Afterlife: Season Two DVD Review

     Format: Multiple Formats, Color, NTSC
  • Language: English (Stereo)
  • Aspect Ratio: 1.33:1
  • Number of discs: 2
  • Rated: NR (Not Rated)
  • Studio: BBC Home Entertainment
  • DVD Release Date: October 7, 2014
  • Run Time: 370 minutes



            Made nearly ten years ago, “Afterlife” is only now finding its way to home entertainment, and the reason is clear to find in the cast members. This British horror series stars Andrew Lincoln of “The Walking Dead” fame, with ghosts rather than zombies for the actor to take on. Unfortunately, the series feels more than ten years old, with a dated and cliché narrative structure. Ghost stories are difficult to make engaging, and “Afterlife” does little to update or modernize the tired clichés of the genre. In many ways this series is The Sixth Sense in episodic form, with a gifted medium burdened with the task of helping all of the dead ghosts she encounters. Season two even begins with a narrative in which the dead are unaware they are no longer alive, a further reminder of the 1999 box office phenomenon.


            Lincoln stars as psychologist, University lecturer, and skeptic Robert Bridge, a man whose entire career is based on challenging the ideas of ghosts until he encounters his deceased son through a truly gifted medium. Alison Mundy (Lesley Sharp) has a real gift in her ability to talk to the dead, but it takes her a great deal of effort in order to convince others that she is not faking. The major shift in season two comes with Bridge’s dismissal of doubt, giving Mundy a much-needed ally. Each episode gives her a new opportunity to prove this skill with a unique case/mystery for the pair to solve together. There are a few thrills and brief scares, but mostly, this series is weighed down by a lot of heavy melodrama. Who knew ghosts were so damn depressing.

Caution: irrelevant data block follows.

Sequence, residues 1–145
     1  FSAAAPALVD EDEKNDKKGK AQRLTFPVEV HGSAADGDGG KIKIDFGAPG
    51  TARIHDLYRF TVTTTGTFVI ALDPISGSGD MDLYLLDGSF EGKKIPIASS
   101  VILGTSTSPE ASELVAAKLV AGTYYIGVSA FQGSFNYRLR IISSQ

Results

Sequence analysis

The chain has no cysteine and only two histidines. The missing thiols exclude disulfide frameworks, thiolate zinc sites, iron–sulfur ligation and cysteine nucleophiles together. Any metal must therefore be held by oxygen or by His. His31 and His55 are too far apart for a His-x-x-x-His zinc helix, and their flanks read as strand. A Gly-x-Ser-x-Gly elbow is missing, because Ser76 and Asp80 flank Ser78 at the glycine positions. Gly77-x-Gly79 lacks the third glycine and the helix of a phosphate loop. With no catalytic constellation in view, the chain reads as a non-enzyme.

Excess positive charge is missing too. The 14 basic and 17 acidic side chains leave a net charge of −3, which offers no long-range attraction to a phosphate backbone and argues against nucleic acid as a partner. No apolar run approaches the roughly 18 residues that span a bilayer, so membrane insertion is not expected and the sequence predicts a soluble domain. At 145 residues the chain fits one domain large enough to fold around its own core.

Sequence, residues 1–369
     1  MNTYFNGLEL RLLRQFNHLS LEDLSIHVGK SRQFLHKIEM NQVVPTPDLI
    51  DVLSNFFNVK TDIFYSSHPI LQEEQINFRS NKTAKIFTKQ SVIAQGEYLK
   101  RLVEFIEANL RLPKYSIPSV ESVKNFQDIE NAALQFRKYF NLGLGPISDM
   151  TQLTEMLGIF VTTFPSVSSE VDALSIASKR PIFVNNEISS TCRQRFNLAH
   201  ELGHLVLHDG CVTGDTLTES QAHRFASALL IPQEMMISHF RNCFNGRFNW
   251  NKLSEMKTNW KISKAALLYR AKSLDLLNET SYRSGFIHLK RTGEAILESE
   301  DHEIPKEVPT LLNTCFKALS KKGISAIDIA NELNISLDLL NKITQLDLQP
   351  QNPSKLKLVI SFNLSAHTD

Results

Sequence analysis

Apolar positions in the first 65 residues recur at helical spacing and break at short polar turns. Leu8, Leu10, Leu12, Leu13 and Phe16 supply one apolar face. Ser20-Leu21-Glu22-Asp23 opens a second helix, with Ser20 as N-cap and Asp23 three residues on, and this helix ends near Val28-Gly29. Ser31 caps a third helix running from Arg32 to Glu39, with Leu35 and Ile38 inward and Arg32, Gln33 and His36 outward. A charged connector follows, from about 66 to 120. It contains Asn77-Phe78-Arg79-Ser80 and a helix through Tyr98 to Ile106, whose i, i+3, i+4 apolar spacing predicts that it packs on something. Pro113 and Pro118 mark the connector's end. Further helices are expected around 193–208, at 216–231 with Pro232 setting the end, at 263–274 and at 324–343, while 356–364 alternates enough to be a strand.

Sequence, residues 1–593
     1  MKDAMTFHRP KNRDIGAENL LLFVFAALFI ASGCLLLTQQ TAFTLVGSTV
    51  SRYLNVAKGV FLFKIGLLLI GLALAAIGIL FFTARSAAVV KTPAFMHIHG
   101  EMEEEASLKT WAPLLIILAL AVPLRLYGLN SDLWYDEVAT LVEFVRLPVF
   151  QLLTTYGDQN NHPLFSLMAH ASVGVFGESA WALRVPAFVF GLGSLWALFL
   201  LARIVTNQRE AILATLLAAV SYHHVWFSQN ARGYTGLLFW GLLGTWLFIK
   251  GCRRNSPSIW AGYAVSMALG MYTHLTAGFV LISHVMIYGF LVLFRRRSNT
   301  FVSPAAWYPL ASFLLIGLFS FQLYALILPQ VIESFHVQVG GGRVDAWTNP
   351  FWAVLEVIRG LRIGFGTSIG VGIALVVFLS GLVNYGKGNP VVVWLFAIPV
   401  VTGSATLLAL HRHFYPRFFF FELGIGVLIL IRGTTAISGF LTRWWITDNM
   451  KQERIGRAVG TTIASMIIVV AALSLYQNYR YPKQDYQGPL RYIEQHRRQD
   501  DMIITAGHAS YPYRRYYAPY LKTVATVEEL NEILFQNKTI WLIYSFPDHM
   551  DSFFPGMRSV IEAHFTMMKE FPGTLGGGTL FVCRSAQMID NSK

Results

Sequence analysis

There were only two seasons of “Afterlife,” and a majority of the episodes were in this second season. Although season one only had six episodes, season two has bumped the number up to eight. The storylines and production values seemed to have also increased, but apparently it was not enough to ensure a third season. All eight episodes are included on two discs, along with a behind-the-scenes featurette on the second disc.



    Entertainment Value: 6/10

    Quality of Filmmaking: 7/10

    Historical Significance:  6/10

    Special Features: 4/10



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